Dancing with ArmandoFeatured
Dancing with Armando chronicles three generations of strong and optimistic women, each with hopes and dreams -- and closely guarded secrets. While Sophie and her daughter Iris walk a fine line between love and dejection, granddaughter Heaven shines as a musical prodigy whose curiosity about her missing grandfather sets off a chain of emotions that will change their worlds.
Originally from the mountains of Johnson City, Tennessee, Jill Cox Vogt is an award-winning poet, the author of numerous articles about the performing arts, and the author of the novel, The Fizgig. While she never set out to live in various places throughout the United States, from Florida to Montana and several places in between, she chalks it up to the gypsy in her soul. The adventures were worth it, but the gypsy landed in Louisiana where she lives with her husband and dog and enjoys reading, writing, chocolate, and smelling the roses.
A hippie grandmother, an unhappy mother and a talented daughter, all meet and for this spectacular combination of personalities. Each has tried to make the best for her family. Sophie was abandoned by her lover and father of her child when Iris was just a baby and she has never heard of him before. She has dealt with the pain ever since the best way she could: forgetting and following her ideals, being an artist, in a hippie sort of way. Iris has become a mother herself and, even if her marriage is not the strongest, she is doing her best to offer a father to her daughter. Heaven, on the other hand, is trying to reunite past with present and make a career in music.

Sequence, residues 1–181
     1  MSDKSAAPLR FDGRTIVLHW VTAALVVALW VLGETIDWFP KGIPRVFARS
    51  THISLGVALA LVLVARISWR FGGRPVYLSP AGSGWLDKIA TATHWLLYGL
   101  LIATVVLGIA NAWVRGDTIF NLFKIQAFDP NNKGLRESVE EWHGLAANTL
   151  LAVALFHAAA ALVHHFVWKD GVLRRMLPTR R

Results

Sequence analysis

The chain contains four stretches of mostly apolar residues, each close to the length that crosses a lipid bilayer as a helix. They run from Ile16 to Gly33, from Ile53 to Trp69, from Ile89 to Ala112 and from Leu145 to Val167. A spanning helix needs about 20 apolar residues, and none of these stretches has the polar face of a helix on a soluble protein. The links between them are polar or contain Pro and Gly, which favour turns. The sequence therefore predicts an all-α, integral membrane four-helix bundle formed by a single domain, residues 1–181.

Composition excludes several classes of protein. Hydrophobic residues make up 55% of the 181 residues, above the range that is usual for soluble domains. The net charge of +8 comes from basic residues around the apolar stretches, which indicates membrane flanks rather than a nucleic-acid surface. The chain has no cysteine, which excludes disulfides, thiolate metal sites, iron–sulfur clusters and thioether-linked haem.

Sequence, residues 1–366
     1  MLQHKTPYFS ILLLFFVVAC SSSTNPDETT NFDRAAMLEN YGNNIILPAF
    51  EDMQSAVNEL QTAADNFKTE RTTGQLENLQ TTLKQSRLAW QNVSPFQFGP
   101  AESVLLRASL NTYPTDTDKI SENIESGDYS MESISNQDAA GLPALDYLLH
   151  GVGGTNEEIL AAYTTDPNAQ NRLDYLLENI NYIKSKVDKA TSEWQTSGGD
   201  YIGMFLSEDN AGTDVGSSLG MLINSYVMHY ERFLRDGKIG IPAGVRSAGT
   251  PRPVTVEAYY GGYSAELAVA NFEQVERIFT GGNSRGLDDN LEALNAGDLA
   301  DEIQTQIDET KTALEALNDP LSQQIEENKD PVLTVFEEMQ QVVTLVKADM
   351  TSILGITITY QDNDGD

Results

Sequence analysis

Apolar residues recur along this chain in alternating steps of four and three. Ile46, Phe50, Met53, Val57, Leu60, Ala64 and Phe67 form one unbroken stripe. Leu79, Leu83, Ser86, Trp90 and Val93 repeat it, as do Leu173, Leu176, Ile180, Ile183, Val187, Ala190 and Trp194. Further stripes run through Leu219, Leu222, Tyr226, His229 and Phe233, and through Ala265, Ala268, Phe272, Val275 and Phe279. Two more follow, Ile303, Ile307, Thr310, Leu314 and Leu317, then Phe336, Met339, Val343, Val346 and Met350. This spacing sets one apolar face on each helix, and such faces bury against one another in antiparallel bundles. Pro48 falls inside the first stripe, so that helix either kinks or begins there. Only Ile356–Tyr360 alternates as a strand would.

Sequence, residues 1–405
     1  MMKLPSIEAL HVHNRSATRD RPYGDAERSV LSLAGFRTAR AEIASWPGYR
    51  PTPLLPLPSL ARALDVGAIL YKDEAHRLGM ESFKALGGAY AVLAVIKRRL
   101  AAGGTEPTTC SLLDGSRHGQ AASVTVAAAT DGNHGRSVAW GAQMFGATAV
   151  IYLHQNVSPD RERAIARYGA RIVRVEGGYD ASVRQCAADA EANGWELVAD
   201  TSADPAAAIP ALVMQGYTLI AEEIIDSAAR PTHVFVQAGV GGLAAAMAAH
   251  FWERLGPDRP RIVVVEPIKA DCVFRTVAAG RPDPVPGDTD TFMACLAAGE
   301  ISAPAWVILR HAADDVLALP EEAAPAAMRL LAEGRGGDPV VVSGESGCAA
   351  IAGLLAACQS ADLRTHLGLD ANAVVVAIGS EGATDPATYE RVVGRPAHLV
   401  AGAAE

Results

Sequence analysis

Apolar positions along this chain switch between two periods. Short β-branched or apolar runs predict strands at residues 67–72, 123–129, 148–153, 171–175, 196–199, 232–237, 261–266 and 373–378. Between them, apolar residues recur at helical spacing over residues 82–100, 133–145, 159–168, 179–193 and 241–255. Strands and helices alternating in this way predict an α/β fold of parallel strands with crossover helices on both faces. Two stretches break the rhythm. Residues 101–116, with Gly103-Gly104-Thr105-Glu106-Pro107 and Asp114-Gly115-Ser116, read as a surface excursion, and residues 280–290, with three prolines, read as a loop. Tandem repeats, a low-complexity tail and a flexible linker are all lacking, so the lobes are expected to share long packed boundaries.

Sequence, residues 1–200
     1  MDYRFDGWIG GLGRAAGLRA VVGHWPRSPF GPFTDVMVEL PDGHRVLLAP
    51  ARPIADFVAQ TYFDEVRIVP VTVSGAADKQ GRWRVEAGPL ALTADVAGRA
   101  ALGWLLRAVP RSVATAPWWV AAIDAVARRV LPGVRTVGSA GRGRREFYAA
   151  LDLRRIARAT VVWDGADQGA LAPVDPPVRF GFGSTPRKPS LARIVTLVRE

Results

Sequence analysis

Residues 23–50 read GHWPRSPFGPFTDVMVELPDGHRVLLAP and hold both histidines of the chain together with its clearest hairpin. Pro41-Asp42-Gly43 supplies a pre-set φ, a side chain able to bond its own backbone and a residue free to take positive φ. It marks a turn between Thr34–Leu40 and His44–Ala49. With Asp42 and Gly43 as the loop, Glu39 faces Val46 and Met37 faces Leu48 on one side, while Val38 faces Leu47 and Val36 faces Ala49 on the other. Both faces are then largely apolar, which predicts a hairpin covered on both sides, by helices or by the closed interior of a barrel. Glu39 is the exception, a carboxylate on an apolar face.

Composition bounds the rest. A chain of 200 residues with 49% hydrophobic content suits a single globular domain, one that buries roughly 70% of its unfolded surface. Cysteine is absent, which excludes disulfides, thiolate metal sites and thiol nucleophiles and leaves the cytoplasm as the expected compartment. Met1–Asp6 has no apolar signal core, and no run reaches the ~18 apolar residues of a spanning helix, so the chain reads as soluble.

But who is actually Armando? Well, Armando is more than a character. I see him as a concept, since the expression “dancing with Armando” is used several times with a deeper meaning. Dancing with Armando is like an option to escape an imperfect life.it is that one special moment when you can let it all go and imagine yourself someone different. Is the ideal life we all want.
I did not like how the encounter between father and daughter was presented and it made Iris seem immature for a married woman with a child. Also, I would have wanted to know more about Iris’s marriage, how bad it was before the shift in their lives and how it was after that moment. But other than that, I have no complains.
This is the sort of book that makes you reflect on the good and bad in your life and nudges you towards appreciating all the good. If things are not as one would like, the only solution is to fix them, not run away. At least this is the idea that I was left with after finishing it. Hope you like it as well.